George Huntington (April 9, 1850 – March 3, 1916) was an American physician from Long Island, New York who contributed the clinical description of the disease that bears his name — Huntington’s disease. Dr. Huntington wrote his paper “On Chorea” when he was 22 years old, a year after receiving his medical degree from Columbia University in New York. “On Chorea”was first published in the Medical and Surgical Reporter of Philadelphia on April 13, 1872.
In the 100+ years since the death of George Huntington in 1916, the disorder he described as a ‘medical curiosity’ has become a focus of intense medical and scientific interest, in part because of the contribution of families in generating knowledge about this family disease. As many writers have noted, George Huntington’s own family played a crucial role in defining this illness. What has been less appreciated is that the affected families he described also played a role, in ways that George Huntington himself acknowledged. Not quite 22 years old, just graduated from Columbia University’s College of Physicians and Surgeons in New York City, and with little clinical experience, no established medical practice, and no patients of his own with the disorder, he wrote an account in 1872 that William Osler considered one of the most succinct and accurate portraits of a disease ever written. It was not the earliest medical account of hereditary chorea but it was certainly the most complete. And for social and cultural as well as medical and scientific reasons, it played a far more important role in defining the discrete clinical entity that soon came to be known as ‘Huntington’s chorea’ and by the late 1960s, as ‘Huntington’s disease’.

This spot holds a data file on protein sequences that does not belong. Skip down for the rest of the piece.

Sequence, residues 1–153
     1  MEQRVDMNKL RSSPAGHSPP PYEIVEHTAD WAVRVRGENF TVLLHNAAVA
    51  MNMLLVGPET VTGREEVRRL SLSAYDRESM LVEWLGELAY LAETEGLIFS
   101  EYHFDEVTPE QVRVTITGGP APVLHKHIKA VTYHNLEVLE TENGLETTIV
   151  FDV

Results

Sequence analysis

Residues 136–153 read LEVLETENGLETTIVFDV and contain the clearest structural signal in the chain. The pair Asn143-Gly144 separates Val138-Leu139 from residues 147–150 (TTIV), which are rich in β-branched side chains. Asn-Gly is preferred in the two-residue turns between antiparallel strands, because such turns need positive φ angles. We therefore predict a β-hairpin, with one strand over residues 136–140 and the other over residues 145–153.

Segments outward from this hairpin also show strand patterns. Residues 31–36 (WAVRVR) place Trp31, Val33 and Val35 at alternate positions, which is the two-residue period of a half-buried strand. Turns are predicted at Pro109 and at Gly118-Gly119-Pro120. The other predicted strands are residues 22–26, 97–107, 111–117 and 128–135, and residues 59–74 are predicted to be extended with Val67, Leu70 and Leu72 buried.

Despite considerable recognition during his lifetime, George Huntington remained a small town family physician but not a provincial or isolated one. He was aware that his paper had drawn the attention of the medical profession at home and abroad and that this had helped reveal the disease in many parts of the world. He was in touch with some eminent clinicians of his day, including Osler, and an invited speaker on Huntington’s chorea at medical societies such as the influential New York Neurological Society. At a time when medicine was becoming increasingly ‘scientific’, he too placed his hope in research, although he chose not to pursue research himself. Alluding to the unknown pathology of chorea, which had intrigued him from the start, he trusted ‘that science, which has accomplished such wonders through the never-tiring devotion of its votaries, may yet “overturn and overturn, and overturn it,” until it is laid open to the light of day’.